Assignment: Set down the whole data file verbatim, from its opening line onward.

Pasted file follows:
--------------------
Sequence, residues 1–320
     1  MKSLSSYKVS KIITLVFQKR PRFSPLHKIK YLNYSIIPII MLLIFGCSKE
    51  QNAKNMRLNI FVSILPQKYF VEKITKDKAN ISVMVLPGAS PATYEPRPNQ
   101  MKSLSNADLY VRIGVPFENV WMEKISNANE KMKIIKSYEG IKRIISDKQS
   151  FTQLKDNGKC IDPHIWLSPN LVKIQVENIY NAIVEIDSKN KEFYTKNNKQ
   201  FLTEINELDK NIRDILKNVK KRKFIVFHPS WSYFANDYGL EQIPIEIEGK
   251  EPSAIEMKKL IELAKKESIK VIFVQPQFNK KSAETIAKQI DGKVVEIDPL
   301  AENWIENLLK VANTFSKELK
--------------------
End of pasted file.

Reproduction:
Sequence, residues 1–320
     1  MKSLSSYKVS KIITLVFQKR PRFSPLHKIK YLNYSIIPII MLLIFGCSKE
    51  QNAKNMRLNI FVSILPQKYF VEKITKDKAN ISVMVLPGAS PATYEPRPNQ
   101  MKSLSNADLY VRIGVPFENV WMEKISNANE KMKIIKSYEG IKRIISDKQS
   151  FTQLKDNGKC IDPHIWLSPN LVKIQVENIY NAIVEIDSKN KEFYTKNNKQ
   201  FLTEINELDK NIRDILKNVK KRKFIVFHPS WSYFANDYGL EQIPIEIEGK
   251  EPSAIEMKKL IELAKKESIK VIFVQPQFNK KSAETIAKQI DGKVVEIDPL
   301  AENWIENLLK VANTFSKELK